The most magnificent chapter in the history of Taiwan's demo-cracy movement will come to a close if DPP chairman Lin I-hsiung
By "magnificent," I mean the panoramic scope and vision that took shape during the Kaohsiung Incident -- and centered around the activists involved in Formosa magazine -- of which Lin is a representative figure.
The wisdom and ideals of the "Formosa generation" have become an important asset to the democracy movement. Only time will tell whether the next generation will have the kind of drive and persistence demonstrated by their forebears. In any case, the curtain is now falling on the brilliant performance of this first generation.
Ever since its establishment, the DPP has been led by Kaohsiung Incident victims -- the only exception being its first chair-man, Chiang Peng-chien (江鵬堅).
Yao Chia-wen (姚嘉文), Huang Hsin-chieh (黃信介), Hsu Hsin-liang (許信良), Shih Ming-te (施明德) and Lin all had the dubious distinction of becoming political celebrities in the 1970s. They were pioneers who paid the highest price for their participation in the democracy movement. One salient feature was that this generation were able to introduce a new way of thinking to the movement.
They deeply imbued the movement with their ideas, such as Yao's "new three kingdoms" theory
All of these people were jailed for participating in the demo-cracy movement. Their passion completely washed away the grime covering Taiwan's destiny and painted it anew. The Formosa generation has been in the movement for 30 years -- all the way up to the DPP's victory in the presidential election. Their morale and fighting spirit remains high despite their greying hair. It was with their determination and on their ideas that the DPP developed its breadth and strength of a ruling party.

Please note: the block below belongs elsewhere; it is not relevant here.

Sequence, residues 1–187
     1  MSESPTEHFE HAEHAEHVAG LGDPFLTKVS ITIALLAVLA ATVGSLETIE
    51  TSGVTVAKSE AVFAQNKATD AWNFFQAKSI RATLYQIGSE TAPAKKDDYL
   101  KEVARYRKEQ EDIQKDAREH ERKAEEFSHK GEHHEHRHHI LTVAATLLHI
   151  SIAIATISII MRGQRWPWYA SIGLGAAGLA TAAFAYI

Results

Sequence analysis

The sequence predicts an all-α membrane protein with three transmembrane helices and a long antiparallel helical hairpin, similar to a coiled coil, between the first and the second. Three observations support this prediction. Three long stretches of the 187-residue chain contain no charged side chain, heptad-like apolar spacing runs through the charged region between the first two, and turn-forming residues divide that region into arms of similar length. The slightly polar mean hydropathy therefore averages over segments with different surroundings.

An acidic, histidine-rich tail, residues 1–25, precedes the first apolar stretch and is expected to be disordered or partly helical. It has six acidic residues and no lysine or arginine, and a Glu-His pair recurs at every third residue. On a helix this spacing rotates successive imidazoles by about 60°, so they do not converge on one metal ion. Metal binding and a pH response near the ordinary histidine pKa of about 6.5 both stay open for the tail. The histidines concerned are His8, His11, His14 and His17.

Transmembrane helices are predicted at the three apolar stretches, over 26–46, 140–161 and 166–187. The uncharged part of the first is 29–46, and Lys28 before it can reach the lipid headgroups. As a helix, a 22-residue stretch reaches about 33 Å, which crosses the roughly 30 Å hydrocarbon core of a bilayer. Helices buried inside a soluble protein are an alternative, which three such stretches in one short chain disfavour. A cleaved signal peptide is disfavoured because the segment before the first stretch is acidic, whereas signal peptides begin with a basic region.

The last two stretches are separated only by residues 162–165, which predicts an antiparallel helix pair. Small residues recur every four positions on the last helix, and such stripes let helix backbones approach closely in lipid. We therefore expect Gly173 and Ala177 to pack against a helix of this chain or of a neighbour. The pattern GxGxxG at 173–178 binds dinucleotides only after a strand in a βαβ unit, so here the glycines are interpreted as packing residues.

Whether Lin's retirement will leave a vacuum in the DPP's ideals and legacy will be key to the future of the democracy movement. The Formosa generation's spirit of unity came from their strategic alliances, as people of differing political ideals worked together. In contrast, the party's current unity is built upon power-sharing among factions.
In political movements, there are always tensions and contradictions between ideals and interests. But the litmus test for the DPP's new leaders is whether they can uphold the existing idealism. It takes people of considerable stature and dexterity to strike a balance and make compromises.
The Formosa generation had only one enemy: the KMT. Now, the enemy has diversified. Even other factions within the DPP have become adversaries.
The Formosa generation has completed their mission. They have changed the DPP's long-standing image of an opposition party and written a new chapter in Taiwan's history. It is not possible to hope that they could lead the movement for a thousand more generations.
In particular, Lin -- a man with a deep sense of history -- may choose to step down while things are at their very best, writing an exclamation point as it were, to a magnificent period in history on behalf of his generation. His resignation will be another demonstration of the wisdom of the Formosa generation.
In any case, the second generation should draw inspiration from Lin's sense of propriety, for crises and opportunities are waiting for them to tackle.
Chen Fang-ming is a professor of Chinese literature at National Chi-Nan University.
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